Ill passenger at LAX not at risk for Ebola, officials say

ByFrancine Rios and Amy Powell KABC logo
Monday, October 13, 2014
Ill passenger at LAX not at risk for Ebola
An ill passenger who was investigated at LAX was not at risk for Ebola, L.A. County health officials said Sunday.

LOS ANGELES (KABC) -- An ill passenger who was investigated at Los Angeles International Airport on Sunday was not at risk for Ebola, the Los Angeles County Department of Public Health said.

The female passenger was aboard United Airlines Flight 703 out of John F. Kennedy International Airport in New York. The passenger had been reportedly vomiting and exhibiting what were thought to be flu-like symptoms prior to landing. The flight landed at LAX around 2 p.m. and was diverted to a remote runway out of Ebola concerns.

Los Angeles Fire and public health officials arrived at the scene and determined the patient was not at risk for Ebola, and there was no risk of infection to the flight's passengers or crew, the health department said.

"You fear the worst," said Nicole Benedum, who was on the flight with her infant daughter. "She hasn't had all her shots. So, as a first-time mom, you know, I was weeping."

The woman chose not to be hospitalized after being assessed, fire officials said.

Officials said a misunderstanding about the passenger's recent travels to Africa, combined with the passenger apparently being airsick, prompted the concerns.

LAFD Capt. Jaime Moore said the passenger had recently been to the continent of Africa, but had not been to West Africa, where the Ebola virus is spreading. The passenger also has a history of being sick on flights, and her symptoms were consistent with motion sickness, Moore said.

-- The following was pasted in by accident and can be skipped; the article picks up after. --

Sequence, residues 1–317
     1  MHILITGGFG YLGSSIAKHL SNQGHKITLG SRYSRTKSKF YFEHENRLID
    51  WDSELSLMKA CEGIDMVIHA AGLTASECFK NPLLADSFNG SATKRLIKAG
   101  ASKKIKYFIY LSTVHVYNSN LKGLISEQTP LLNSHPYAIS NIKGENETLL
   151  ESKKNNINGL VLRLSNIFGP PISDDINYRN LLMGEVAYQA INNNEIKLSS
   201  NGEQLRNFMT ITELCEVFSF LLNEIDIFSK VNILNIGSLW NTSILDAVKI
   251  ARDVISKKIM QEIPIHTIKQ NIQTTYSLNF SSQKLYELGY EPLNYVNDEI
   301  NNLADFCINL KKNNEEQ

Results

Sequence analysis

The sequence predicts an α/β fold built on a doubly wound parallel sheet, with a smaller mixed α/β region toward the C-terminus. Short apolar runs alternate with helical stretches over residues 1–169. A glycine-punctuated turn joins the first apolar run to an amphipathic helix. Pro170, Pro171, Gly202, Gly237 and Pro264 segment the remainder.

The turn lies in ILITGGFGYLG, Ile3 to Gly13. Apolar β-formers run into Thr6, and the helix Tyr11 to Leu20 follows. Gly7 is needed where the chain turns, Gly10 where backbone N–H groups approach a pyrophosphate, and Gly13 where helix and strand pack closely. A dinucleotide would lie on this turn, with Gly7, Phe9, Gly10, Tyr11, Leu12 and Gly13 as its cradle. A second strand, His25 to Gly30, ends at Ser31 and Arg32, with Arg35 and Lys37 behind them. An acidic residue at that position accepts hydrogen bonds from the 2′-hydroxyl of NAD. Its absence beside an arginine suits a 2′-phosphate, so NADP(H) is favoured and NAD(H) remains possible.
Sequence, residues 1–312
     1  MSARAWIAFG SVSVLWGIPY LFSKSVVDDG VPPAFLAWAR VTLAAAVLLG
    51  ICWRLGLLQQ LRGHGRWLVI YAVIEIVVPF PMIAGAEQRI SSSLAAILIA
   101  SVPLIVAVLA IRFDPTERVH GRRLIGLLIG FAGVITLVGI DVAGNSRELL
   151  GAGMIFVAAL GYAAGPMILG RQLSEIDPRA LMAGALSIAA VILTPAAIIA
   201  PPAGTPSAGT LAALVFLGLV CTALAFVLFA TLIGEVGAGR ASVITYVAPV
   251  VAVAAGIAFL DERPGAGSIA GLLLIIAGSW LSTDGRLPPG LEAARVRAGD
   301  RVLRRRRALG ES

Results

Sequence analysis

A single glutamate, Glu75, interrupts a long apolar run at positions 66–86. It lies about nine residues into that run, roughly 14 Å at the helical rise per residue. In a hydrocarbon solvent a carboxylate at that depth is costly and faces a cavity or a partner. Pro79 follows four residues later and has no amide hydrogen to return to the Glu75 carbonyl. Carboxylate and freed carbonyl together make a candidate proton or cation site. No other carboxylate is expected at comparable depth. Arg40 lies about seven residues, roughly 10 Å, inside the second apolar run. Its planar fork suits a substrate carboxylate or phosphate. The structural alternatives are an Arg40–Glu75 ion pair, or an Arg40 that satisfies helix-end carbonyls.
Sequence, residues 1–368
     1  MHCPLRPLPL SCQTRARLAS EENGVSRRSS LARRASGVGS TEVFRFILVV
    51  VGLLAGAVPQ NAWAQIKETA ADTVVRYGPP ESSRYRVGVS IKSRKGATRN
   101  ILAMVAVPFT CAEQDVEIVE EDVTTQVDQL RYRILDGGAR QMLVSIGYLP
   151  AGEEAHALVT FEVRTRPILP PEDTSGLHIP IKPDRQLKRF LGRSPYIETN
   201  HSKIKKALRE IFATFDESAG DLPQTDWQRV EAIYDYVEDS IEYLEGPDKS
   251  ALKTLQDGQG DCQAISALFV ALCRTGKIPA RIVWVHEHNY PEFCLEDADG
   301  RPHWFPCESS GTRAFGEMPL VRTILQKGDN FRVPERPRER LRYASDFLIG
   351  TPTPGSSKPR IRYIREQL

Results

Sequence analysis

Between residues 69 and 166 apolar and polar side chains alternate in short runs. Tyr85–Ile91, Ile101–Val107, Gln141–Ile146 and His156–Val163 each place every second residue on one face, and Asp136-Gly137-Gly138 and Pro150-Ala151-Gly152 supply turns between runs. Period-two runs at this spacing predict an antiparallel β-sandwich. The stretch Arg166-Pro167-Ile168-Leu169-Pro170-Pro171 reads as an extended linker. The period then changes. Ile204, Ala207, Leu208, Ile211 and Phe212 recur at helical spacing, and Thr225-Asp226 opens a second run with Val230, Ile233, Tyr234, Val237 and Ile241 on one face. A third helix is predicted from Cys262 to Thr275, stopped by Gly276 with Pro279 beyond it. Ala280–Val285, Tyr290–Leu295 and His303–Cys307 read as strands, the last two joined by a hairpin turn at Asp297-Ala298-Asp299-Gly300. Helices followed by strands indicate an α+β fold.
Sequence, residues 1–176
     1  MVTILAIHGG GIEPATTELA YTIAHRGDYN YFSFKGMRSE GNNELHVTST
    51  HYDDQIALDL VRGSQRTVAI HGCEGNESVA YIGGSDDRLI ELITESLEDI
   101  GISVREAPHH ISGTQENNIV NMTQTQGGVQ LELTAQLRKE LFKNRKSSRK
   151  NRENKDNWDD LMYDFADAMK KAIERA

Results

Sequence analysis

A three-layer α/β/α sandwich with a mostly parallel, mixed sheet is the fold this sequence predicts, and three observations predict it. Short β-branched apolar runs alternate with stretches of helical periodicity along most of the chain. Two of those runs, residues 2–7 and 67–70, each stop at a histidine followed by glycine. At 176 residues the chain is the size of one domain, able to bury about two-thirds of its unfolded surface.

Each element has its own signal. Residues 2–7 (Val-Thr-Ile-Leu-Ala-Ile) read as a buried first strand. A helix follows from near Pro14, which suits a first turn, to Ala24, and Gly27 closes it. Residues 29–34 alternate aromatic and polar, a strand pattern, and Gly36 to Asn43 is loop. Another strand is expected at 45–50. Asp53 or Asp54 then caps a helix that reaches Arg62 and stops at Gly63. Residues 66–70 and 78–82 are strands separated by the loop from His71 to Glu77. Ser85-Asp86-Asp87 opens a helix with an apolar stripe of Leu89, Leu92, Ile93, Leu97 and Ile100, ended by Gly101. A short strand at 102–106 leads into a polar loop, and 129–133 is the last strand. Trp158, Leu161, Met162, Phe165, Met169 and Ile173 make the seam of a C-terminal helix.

"That's a big part of how powerful social media is," Moore said. "As soon as people start wondering what's going on, especially with Ebola being in the news as much as it is, it's very easy for people to be concerned."

The passenger will not be tested for Ebola, Moore said.

"The continent of Africa is enormous. To say that you've been to Africa and think just because you've been to the continent of Africa does not mean you've been anywhere near West Africa," Moore said.

The remaining passengers were released from the plane after two hours, officials said.

"You can't get mad at anybody for the situation," said passenger Penny Ray. "I'm just glad they were being cautious."

Officials said this incident shows that authorities are taking the threat of Ebola seriously.

"In the event we ever do actually have to do this for real, it just goes to show you that the system is in place," Moore said. "We have a system in place to be able to reassure people that we are taking this illness very seriously."

One health expert says airline passengers should not be too concerned because Ebola does not spread easily person to person.

"You need to have direct contact with the patients' body fluids to get this illness, so airports is not viewed as one of those places that is dangerous. It would be different if we were talking about measles or the flu," said Dr. Richard Besser, ABC News' chief medical editor.

CORRECTION: An earlier version of this story stated the passenger was assessed at the hospital. The passenger was assessed by health officials at the airport.